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Conflict as a Part of the Bargaining Process: Theory and Empirical Evidence

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Abstract

This paper explores the role of conflict as a bargaining tool. It first presents a simple bargaining model with one-sided incomplete information. Parties can choose the scope of the confrontation they may want to engage in: A limited conflict that only introduces delay, or an absolute conflict that terminates the game. The outcomes of both types of confrontation are driven by the relative strength of the parties that is only known to one of them. Therefore, the non-final conflict conveys information about the eventual outcome of the absolute one. In this framework, it is shown that confrontation has a double-edged effect: It may paradoxically open the door to agreement when the uninformed party is so optimistic that no agreement is feasible. But it can also create inefficiency when agreement is possible but the informed agent has an incentive to improve her bargaining position by fighting. The second part of the paper performs a duration analysis on a sample of colonial and imperial wars fought between 1817 and 1988. The results offer evidence illustrating the use of conflict in negotiations.

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Bibliographic Info

Paper provided by Edinburgh School of Economics, University of Edinburgh in its series ESE Discussion Papers with number 129.

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Length: 34
Date of creation: Nov 2004
Date of revision:
Handle: RePEc:edn:esedps:129

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Keywords: Conflict; Bargaining; Incomplete information; Duration analysis.;

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References

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  1. Anbarci, Nejat & Skaperdas, Stergios & Syropoulos, Constantinos, 2002. "Comparing Bargaining Solutions in the Shadow of Conflict: How Norms against Threats Can Have Real Effects," Journal of Economic Theory, Elsevier, vol. 106(1), pages 1-16, September.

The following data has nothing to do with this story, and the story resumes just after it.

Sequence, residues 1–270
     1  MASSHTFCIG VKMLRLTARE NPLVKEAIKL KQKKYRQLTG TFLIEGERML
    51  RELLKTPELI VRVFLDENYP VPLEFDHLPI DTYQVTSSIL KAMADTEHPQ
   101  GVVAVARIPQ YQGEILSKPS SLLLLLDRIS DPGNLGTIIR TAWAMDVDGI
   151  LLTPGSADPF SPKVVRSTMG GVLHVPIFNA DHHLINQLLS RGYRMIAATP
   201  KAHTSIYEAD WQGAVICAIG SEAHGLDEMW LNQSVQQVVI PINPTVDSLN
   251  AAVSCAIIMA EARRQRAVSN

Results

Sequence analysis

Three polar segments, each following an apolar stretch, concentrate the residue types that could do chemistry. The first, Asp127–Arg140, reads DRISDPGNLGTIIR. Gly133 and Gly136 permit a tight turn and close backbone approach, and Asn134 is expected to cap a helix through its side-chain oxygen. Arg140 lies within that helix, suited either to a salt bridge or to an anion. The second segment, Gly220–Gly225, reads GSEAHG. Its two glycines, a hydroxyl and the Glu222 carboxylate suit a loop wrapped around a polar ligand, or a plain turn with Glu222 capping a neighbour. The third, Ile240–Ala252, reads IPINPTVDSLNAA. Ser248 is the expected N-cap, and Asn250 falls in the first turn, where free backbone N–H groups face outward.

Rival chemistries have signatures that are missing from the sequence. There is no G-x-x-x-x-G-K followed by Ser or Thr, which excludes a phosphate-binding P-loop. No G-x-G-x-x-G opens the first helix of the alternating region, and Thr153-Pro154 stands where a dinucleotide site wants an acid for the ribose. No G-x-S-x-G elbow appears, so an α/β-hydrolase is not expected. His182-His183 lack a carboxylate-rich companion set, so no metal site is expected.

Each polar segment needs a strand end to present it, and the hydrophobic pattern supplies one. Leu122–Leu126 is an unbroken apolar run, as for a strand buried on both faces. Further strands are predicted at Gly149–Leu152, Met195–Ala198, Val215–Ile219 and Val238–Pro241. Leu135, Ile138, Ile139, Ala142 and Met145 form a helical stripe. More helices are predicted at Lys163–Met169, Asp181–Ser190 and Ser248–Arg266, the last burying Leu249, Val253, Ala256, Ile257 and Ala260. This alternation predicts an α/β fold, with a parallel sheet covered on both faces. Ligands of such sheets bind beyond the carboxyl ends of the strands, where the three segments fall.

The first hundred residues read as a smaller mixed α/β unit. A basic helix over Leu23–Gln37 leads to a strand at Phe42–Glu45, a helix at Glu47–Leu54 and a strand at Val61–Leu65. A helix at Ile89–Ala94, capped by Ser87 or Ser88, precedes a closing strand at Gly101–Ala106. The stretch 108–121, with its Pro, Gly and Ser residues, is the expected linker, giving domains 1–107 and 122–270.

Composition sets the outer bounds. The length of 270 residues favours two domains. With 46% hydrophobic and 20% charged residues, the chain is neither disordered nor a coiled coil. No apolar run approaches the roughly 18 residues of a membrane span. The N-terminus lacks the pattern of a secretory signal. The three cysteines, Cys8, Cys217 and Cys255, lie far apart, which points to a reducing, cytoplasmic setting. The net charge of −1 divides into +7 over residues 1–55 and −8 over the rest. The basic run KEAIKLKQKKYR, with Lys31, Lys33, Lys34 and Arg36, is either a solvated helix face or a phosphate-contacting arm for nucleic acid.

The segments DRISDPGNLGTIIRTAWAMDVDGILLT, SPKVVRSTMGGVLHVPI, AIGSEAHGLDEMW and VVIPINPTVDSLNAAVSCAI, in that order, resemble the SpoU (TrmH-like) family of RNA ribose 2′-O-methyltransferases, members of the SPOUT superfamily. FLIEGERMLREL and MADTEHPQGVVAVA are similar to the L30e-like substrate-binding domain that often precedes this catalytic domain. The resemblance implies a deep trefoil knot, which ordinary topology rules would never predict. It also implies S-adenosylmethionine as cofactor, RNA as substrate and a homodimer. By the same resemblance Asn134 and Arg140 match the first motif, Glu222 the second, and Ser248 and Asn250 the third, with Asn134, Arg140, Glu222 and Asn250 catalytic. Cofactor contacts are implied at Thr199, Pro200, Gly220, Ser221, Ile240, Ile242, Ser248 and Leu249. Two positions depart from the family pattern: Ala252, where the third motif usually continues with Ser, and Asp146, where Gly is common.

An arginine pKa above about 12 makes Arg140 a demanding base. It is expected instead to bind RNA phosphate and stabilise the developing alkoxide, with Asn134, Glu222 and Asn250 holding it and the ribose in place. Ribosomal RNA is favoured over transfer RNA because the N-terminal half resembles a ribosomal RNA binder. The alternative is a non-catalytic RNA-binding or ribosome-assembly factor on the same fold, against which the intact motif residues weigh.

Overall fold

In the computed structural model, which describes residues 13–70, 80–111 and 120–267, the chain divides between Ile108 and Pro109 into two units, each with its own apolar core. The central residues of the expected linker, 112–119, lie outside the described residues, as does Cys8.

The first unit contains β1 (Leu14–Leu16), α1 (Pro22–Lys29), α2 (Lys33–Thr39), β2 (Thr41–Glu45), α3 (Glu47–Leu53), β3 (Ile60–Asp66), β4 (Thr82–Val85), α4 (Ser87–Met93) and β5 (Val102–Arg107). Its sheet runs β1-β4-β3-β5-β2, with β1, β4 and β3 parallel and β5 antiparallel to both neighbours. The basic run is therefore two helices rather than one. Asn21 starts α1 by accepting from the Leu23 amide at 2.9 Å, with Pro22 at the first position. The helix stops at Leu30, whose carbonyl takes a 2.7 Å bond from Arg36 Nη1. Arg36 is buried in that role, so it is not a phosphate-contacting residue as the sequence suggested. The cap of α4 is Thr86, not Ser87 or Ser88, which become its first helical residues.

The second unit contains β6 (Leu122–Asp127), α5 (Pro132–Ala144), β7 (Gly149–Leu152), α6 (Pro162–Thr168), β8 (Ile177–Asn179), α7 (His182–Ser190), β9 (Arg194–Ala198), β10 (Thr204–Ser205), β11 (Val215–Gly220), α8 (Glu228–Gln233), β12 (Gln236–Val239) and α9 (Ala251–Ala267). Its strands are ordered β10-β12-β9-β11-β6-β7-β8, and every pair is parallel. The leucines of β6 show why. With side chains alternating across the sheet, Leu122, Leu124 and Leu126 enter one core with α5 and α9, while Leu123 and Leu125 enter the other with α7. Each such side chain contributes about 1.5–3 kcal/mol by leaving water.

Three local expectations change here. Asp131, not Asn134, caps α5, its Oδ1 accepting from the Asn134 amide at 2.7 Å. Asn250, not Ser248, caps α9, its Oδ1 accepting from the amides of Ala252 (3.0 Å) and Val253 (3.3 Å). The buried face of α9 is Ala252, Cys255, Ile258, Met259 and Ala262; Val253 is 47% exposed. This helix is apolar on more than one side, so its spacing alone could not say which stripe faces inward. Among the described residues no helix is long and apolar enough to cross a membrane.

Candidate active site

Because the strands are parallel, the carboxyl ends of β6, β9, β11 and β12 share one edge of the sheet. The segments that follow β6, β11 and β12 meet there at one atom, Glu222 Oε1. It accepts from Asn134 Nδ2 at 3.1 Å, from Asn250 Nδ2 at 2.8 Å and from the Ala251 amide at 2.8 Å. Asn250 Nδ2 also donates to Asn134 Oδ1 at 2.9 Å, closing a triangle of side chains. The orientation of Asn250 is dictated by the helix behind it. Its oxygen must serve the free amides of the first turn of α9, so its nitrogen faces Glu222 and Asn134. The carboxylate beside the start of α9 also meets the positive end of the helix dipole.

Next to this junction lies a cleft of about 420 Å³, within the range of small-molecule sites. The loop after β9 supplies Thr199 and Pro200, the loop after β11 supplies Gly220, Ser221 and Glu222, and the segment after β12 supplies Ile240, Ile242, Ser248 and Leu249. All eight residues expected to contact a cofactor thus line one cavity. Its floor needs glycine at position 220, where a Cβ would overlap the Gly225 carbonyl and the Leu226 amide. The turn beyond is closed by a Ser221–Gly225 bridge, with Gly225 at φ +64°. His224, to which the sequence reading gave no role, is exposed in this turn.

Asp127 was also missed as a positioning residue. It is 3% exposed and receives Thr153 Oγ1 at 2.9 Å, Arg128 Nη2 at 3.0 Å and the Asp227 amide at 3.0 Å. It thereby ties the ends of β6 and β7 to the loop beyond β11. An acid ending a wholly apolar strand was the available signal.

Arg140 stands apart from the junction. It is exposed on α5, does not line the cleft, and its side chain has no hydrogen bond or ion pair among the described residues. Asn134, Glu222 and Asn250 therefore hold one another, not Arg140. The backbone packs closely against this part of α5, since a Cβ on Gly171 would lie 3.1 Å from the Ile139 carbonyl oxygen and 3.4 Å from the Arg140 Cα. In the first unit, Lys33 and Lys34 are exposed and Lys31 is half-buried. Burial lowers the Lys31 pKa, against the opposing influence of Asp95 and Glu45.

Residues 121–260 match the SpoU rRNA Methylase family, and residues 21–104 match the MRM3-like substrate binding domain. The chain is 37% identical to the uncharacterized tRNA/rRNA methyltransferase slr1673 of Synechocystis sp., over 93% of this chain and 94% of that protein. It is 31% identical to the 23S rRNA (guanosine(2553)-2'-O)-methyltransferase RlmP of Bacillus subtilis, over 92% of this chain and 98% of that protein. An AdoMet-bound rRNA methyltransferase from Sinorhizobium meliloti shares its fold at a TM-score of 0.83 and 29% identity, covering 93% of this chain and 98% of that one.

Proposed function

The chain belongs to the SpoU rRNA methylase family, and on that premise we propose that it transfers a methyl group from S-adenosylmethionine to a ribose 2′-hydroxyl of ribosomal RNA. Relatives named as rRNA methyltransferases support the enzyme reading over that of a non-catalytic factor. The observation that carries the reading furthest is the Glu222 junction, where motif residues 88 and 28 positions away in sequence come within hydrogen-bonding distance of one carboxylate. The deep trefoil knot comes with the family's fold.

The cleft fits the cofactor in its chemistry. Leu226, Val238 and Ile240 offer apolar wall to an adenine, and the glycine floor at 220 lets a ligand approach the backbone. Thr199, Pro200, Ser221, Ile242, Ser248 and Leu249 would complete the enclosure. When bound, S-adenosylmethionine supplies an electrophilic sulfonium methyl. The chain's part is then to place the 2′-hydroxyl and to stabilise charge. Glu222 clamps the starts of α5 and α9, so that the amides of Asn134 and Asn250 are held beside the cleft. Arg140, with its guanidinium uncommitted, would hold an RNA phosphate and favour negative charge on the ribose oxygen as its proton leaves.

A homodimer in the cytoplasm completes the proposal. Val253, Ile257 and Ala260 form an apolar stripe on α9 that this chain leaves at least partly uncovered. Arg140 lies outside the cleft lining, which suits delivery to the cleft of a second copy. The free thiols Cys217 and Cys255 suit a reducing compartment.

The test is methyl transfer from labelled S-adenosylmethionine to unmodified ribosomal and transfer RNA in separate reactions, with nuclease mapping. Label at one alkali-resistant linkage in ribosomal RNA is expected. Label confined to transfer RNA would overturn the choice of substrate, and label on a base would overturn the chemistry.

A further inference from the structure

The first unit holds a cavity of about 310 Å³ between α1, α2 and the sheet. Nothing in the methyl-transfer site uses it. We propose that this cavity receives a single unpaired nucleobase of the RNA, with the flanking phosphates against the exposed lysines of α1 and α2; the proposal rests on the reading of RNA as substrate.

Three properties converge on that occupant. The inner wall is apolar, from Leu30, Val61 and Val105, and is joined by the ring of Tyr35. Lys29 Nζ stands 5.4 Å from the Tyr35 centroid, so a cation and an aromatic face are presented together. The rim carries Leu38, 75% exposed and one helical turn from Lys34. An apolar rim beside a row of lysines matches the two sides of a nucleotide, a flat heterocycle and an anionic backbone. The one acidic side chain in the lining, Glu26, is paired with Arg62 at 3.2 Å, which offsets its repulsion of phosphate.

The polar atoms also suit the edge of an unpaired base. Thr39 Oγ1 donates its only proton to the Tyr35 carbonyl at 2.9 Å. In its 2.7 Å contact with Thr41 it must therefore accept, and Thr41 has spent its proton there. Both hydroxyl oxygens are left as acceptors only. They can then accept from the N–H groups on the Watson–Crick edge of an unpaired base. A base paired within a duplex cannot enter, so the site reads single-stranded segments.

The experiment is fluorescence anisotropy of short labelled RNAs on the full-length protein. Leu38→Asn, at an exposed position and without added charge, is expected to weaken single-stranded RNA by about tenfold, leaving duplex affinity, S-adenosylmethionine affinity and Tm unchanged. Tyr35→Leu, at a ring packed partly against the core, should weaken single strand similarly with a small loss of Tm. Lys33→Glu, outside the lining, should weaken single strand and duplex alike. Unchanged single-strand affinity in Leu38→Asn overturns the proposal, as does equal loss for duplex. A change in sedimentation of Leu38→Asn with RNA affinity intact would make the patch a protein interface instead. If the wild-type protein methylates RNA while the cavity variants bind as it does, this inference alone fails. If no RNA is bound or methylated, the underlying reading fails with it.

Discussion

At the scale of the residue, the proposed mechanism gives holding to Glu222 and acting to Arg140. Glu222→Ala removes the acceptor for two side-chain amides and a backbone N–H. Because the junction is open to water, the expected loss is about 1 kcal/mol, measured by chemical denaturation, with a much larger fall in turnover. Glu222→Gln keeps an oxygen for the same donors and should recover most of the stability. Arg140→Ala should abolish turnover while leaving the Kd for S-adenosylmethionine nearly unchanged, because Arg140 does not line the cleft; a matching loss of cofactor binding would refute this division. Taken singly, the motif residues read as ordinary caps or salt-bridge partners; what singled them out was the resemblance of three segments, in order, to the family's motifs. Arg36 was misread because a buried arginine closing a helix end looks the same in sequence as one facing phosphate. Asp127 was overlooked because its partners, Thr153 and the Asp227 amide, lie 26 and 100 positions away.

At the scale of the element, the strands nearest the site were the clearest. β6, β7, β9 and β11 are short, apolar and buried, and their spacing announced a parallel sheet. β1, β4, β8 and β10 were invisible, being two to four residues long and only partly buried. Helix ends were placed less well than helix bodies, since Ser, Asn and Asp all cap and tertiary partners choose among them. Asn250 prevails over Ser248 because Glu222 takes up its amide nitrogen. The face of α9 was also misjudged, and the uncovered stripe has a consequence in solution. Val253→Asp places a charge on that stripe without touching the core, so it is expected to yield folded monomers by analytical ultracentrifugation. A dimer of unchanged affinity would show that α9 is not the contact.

2. Nash, John, 1950. "The Bargaining Problem," Econometrica, Econometric Society, vol. 18(2), pages 155-162, April.
  3. Kennan, John & Wilson, Robert, 1989. "Strategic Bargaining Models and Interpretation of Strike Data," Journal of Applied Econometrics, John Wiley & Sons, Ltd., vol. 4(S), pages S87-130, Supplemen.
  4. Lawrence M. Ausubel & Peter Cramton & Raymond J. Deneckere, 2002. "Bargaining with Incomplete Information," Papers of Peter Cramton 02barg, University of Maryland, Department of Economics - Peter Cramton, revised 12 Mar 2001.
  5. Joan Esteban & József Sákovics, 2003. "Endogenous bargaining power," Working Papers 13, Barcelona Graduate School of Economics.
  6. Cramton, Peter C & Tracy, Joseph S, 1992. "Strikes and Holdouts in Wage Bargaining: Theory and Data," American Economic Review, American Economic Association, vol. 82(1), pages 100-121, March.
  7. Mnookin, Robert & Wilson, Robert, 1998. "A Model of Efficient Discovery," Games and Economic Behavior, Elsevier, vol. 25(2), pages 219-250, November.
  8. Raquel Fernandez & Jacob Glazer, 1989. "Striking for a Bargain Between Two Completely Informed Agents," NBER Working Papers 3108, National Bureau of Economic Research, Inc.
  9. repec:fth:harver:1432 is not listed on IDEAS
  10. Horowitz, Andrew W, 1993. "Time Paths of Land Reform: A Theoretical Model of Reform Dynamics," American Economic Review, American Economic Association, vol. 83(4), pages 1003-10, September.
  11. Kiefer, Nicholas M, 1988. "Economic Duration Data and Hazard Functions," Journal of Economic Literature, American Economic Association, vol. 26(2), pages 646-79, June.
  12. Helmut Bester & Karl Warneryd, . "Conflict Resolution under Asymmetric Information," Papers 006, Departmental Working Papers.
  13. Schnell, John F & Gramm, Cynthia L, 1987. "Learning by Striking: Estimates of the Teetotaler Effect," Journal of Labor Economics, University of Chicago Press, vol. 5(2), pages 221-41, April.
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Cited by:
  1. Stergios Skaperdas, 2008. "An economic approach to analyzing civil wars," Economics of Governance, Springer, vol. 9(1), pages 25-44, January.

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